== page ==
Effects of juniper removal by shearing and dozing on seedbed preparation and vegetation establishment in the Lampasas Cut Plain, Texas

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2009-05-15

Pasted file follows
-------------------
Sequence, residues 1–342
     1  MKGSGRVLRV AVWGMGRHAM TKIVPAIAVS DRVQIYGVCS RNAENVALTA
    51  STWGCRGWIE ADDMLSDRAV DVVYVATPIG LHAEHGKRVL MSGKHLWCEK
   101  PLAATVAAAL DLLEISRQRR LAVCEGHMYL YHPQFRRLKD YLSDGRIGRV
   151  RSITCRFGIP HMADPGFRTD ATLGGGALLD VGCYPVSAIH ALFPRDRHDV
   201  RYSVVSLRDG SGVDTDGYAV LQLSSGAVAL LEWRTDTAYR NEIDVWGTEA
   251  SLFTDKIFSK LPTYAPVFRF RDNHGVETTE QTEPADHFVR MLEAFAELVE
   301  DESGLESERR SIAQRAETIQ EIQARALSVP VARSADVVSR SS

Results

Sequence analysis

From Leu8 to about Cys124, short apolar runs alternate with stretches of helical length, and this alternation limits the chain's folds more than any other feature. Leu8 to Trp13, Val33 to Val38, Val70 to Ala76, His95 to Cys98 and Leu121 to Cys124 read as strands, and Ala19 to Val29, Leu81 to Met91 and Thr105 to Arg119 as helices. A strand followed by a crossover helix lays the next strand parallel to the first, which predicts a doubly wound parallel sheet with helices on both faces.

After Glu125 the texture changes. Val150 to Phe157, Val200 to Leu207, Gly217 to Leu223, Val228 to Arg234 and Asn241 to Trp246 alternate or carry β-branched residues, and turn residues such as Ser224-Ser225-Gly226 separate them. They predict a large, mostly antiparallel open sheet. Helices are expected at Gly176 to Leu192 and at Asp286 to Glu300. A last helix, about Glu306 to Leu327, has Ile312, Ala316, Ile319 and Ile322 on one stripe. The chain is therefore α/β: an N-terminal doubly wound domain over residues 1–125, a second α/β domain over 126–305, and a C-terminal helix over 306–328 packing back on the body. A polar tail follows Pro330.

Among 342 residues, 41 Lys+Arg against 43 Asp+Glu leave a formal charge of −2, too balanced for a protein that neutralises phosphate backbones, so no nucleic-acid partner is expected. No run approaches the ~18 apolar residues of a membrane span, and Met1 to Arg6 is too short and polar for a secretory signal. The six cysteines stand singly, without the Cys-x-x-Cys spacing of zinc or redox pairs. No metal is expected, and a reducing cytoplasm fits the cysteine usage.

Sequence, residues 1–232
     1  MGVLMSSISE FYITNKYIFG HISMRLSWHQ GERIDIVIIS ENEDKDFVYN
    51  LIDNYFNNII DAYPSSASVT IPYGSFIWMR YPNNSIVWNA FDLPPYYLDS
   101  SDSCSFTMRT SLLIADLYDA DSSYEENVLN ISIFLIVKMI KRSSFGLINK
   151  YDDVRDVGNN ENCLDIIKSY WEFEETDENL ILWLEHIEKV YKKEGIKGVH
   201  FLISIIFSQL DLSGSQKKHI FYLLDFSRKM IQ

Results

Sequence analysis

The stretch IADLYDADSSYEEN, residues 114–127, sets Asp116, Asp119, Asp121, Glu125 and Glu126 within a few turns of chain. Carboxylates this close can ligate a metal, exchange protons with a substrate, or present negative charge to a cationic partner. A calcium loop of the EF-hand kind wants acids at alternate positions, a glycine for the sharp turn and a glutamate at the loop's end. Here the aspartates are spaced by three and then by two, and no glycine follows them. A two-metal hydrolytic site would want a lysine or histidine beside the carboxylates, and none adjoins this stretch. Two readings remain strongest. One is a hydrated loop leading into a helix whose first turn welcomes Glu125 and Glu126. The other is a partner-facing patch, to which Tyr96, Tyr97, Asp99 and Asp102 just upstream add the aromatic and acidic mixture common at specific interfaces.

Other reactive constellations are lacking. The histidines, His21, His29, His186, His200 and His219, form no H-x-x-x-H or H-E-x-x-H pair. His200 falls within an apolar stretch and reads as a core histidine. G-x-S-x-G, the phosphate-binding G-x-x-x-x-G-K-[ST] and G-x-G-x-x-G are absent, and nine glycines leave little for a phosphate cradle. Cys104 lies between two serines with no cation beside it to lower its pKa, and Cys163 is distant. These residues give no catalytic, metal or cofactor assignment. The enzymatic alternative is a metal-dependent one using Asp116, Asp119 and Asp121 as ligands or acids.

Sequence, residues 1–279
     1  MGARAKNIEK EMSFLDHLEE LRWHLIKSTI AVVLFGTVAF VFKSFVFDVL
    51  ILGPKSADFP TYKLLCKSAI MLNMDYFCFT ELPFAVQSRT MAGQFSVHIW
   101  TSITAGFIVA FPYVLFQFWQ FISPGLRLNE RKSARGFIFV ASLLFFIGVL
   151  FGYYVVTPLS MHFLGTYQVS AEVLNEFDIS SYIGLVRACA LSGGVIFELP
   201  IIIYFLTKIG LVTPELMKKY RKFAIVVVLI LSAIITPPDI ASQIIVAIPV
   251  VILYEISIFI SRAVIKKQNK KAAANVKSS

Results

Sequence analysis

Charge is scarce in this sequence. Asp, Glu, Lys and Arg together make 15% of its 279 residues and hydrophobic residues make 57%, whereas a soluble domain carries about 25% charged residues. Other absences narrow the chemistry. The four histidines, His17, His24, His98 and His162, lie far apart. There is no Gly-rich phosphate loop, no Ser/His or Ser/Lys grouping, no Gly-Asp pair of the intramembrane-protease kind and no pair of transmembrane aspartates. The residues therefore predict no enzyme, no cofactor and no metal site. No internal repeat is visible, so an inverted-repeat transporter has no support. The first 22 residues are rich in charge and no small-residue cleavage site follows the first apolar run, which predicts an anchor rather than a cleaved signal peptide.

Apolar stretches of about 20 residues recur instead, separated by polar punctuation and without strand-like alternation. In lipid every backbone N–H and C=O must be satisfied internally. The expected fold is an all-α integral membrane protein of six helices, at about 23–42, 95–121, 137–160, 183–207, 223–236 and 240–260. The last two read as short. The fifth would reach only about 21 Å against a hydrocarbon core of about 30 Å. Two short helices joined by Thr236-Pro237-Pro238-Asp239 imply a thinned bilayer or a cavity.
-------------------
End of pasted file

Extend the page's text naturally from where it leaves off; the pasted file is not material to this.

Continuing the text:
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Woody encroachment upon grasslands is a global trend that is cause for concern. In the Lampasas Cut Plain of Texas, Ashe juniper is the dominant woody invasive species. Grassland restoration is dependent upon proper seedbed preparation and seedling establishment. Shearing and bulldozing are common methods of juniper removal. Three hypotheses were tested in this experiment. The first was that bulldozing and shearing results in similar seedbed preparations. The second was that electrical conductivity (ECa) models soil moisture storage heterogeneity across a landscape. The third hypothesis tested was that bulldozing and shearing result in similar seedling establishment. Eighteen plots were selected and three treatments were applied: 1) shearing, 2) dozing, and 3) control. After clearing with both juniper removal methods, the levels of soil disturbance and vegetation regrowth were measured. Point measures were used to describe soil surface disturbance, and at each point, presence and size of ground cover and surface depressions were recorded. After germination, when the plants were large enough to identify, vegetation was sampled at 20-24 locations in each plot. At each sample location a quadrat was placed on the transect, and total herbaceous, grass, forb, rock, litter, and bare soil cover were recorded in cover classes. All species were identified, seeded species were enumerated, and in the second vegetation sample, dominant species were assigned a cover class. There was considerable variation between plots for all parameters measured. Bulldozing created a greater number of depressions in the soil than shearing. It also had a higher percent of large depressions. There was no difference in ground cover change between treatments except in the case of the largest litter category. ECa was effective in modeling soil moisture storage patterns and had a lower coefficient of variation than manual soil depth measurements. There was no difference between sheared and dozed plots for any of the vegetation establishment parameters, but control plots had lower establishment in most categories. Overall, there was little difference between the two treatments in seedbed preparation and seedling establishment. The cost of shearing was 80% of the cost of dozing, which made it more desirable in this scenario.

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